Fortunately, the Eighth Circuit Court of Appeals, in the case of Shaffer v. United States Department of Education, understood the economic rationale behind some people's decision to drop out of graduate school. The case involved Susan Shaffer, a woman with significant mental health problems who borrowed $204,000 for her postsecondary studies, including money she borrowed to pursue a graduate degree at Palmer College of Chiropractic Medicine.

A bankruptcy judge discharged all of Shaffer's loans, but the Iowa Student Loan Liquidity Corporation,  one of her creditors, appealed the decision. Iowa Student Loan argued that Shaffer's low income (she was living on about $1700 a month) was self-imposed because she had dropped out of her chiropractic program. According to Iowa Student Loan, Shaffer should have borrowed more money in order to stay in school and get her chiropractic degree, which would have led to a high paying job that would have allowed her to pay off her student loans.

But a panel of Eighth Circuit judges emphatically rejected that argument, saying there was no support for Iowa Student Loan's position in the trial court record. On the other hand, the appellate court pointed out, the bankruptcy court heard Shaffer's explanation for why she dropped out of the chiropractic program and had found her testimony credible.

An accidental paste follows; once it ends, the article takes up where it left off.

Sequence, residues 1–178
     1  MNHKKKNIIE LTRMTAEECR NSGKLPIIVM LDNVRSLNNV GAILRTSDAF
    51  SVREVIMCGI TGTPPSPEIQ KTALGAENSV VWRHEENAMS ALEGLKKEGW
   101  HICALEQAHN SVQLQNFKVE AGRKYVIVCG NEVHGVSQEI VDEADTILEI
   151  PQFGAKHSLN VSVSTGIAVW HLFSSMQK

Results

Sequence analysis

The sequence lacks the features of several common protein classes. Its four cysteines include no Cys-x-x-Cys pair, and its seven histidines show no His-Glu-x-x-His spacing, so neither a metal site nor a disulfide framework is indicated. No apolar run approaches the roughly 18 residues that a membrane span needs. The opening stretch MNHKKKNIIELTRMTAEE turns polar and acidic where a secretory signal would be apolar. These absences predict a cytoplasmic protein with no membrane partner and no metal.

As the Eighth Circuit colloquially put the matter, Iowa Student Loan's contention that Shaffer should have stayed in graduate school were "contrary to the sage advice of both Will Rogers, who said, "When you find yourself in a hole, stop digging," and Kenny Rogers, who sang, "You got to . . . know when to fold 'em . . ."

Apparently, the bankruptcy court had concluded that Shaffer's mental health challenges made her unfit for some higher-paying jobs, presumably including a job in the field of chiropractic medicine. As the Eight Circuit observed:
The bankruptcy court determined that [debtor] could endure only work that was essentially ministerial and that she suffered from the stress of increased responsibility due to a lack of self-confidence. While there was no evidence that the debtor was clinically disabled or maladjusted, the bankruptcy court expressly found that [debtor] was not fit for the higher responsibility and higher paying positions she tried and then left.